Billfishing Brilliance
  |  First Published: November 2012

Well there has been no shortage of fishing action happening in the Weipa area during the past month and will no doubt continue through November.

At the top of the list has to be the recent success of the 2012 Weipa Billfish Tournament. While there have been plenty of billfish taken over the past 12 months off Weipa there is nothing like a tournament to really find out what’s in an area. Eleven boats fished off Weipa for three days in beautiful Gulf of Carpentaria conditions. A total of 31 billfish were caught and released comprising of 24 sailfish and 7 black marlin, an estimated 50 plus fish were raised for the event. Champion team was Tag Team skippered by Weipa local Darren Lees for 8 fish tagged. All boats saw some form of action over the three days with plenty of smiles and stories told at the presentation night on the last day. Without a doubt it was a huge success and will start to put Weipa on the map for yet another style of fishing in what is already a hugely diverse fishery.

I had to work over the weekend of the comp but managed to have a day out wide chasing a few billies the day prior. My wife Casey, sister Jaime and good Mate Jason Stelling made up the crew aboard my 6m centre console Cyclone. A leisurely start saw us skipping and swimming a few gar alongside the teaser in 90 feet of water. As anyone who has done any amount of gamefishing would know, it really is a waiting game. So while the girls chatted away Stello and I rigged some baits and kept an eye out for action.

The first bite didn’t take long and really came out of the blue. I turned to look at the riggers and noticed line flying off the bail of one of the spin reels. Casey leapt into action grabbed the rod, shut the bail, set the hook and came up solid.

With overcast conditions and plenty of chop on the water none of us had any idea what had smashed the gar and after one of the most sizzling runs I have ever seen on a 4500 spin reel, a beautiful black marlin of around 140lb took to the air. Without going into too much detail the fish put up a great fight, and Casey did really well bringing the fish boatside in 35 minutes on 30lb tackle in trying conditions.

After a few snaps boatside the hook was removed and we were underway again with the girls cracking a bottle of Champaign to toast Casey’s first marlin capture.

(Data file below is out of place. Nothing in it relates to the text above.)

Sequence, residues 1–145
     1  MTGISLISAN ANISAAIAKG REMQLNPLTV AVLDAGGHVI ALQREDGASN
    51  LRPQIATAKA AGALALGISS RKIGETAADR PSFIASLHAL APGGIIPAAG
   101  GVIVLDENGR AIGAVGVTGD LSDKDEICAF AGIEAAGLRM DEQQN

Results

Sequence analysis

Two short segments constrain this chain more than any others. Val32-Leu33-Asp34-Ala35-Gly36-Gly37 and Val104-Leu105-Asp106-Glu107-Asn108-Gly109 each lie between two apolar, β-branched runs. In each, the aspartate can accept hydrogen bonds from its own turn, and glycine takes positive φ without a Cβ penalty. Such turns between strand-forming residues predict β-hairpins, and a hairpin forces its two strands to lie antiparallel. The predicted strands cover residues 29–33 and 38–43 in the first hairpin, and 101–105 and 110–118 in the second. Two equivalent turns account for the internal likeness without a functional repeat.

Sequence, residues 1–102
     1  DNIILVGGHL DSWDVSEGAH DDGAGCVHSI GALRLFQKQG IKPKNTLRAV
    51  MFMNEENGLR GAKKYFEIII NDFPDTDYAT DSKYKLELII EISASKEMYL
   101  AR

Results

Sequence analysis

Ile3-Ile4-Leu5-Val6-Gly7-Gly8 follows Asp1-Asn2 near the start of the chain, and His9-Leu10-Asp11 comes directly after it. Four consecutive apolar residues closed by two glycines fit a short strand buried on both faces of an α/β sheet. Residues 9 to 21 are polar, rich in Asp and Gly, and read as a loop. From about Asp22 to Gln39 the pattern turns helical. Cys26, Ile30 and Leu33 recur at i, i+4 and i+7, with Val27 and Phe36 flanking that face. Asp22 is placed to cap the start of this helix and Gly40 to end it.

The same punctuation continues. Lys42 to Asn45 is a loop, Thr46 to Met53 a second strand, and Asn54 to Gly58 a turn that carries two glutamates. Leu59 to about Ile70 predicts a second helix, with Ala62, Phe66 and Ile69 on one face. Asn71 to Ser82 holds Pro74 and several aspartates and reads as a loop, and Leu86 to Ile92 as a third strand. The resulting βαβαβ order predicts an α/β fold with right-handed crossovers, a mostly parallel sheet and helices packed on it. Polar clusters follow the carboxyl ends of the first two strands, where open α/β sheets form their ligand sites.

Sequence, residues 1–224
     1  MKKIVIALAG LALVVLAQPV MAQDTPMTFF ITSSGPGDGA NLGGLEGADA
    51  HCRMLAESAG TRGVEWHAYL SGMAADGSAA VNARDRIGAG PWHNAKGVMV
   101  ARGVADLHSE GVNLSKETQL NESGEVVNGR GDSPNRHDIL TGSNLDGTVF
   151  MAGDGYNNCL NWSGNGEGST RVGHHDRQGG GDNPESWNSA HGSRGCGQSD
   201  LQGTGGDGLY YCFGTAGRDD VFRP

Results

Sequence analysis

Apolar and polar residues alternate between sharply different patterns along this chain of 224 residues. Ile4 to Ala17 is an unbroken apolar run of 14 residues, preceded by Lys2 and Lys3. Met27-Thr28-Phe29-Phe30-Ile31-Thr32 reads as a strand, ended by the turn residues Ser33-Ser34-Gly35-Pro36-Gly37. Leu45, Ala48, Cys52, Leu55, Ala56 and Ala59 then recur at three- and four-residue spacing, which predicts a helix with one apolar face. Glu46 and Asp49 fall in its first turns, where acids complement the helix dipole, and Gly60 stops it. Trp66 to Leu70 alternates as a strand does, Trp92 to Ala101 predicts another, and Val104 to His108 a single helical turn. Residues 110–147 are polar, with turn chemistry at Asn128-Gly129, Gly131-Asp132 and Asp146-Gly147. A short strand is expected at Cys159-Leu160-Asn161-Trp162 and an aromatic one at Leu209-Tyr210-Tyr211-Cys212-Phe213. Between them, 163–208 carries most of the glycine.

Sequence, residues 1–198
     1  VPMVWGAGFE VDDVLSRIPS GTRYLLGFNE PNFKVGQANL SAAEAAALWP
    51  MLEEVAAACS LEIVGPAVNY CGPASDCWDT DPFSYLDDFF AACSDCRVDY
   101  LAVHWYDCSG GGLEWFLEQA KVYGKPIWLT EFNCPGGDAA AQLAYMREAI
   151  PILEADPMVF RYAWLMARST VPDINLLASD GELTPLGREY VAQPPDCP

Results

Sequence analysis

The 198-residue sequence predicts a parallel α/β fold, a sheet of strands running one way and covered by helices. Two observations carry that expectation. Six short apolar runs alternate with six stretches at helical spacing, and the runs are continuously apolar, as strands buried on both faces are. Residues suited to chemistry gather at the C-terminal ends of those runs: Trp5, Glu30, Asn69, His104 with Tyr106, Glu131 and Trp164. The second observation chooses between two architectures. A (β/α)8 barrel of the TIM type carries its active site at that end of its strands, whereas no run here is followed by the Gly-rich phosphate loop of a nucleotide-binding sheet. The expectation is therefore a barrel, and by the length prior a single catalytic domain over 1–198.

The celebrations were short lived however as Jaime, who was now on strike, spotted a sail up on the teaser. Under instruction she grabbed the nearest rod and fed a rigged gar into the face of the now very excited sail. Without hesitation it grabbed the gar, she fed it some line, then set the hook for a solid hook-up. It was a good sized sailfish for the area at around 25kg and put up a great fight leaving the water on several occasions. Bringing it boatside we removed the hook and bought it onboard for a quick photo before swimming it for release. Everyone was stoked and the girls wasted no time in toasting Jaime’s first sailfish and all before 11am.

No more fish were sighted for the day so we worked our way home but not before Stello managed to land a nice sized cobia and Spaniard, which we kept for the table.

In other areas the bottom fishing continues to fire with those keen for an early start and even doing overnighters reaping the rewards of a bit of effort. Fingermark become active throughout October and November in both the estuaries and offshore and are making up the bulk of the reef fishing captures. In the estuaries they can be found in deeper holes, around rockbars, shell grit bars and big snags adjacent to deep water. Live mud herring are seldom passed up by fingermark with 5” Gulp Jerkshads a proven performer for those who prefer the artificials.

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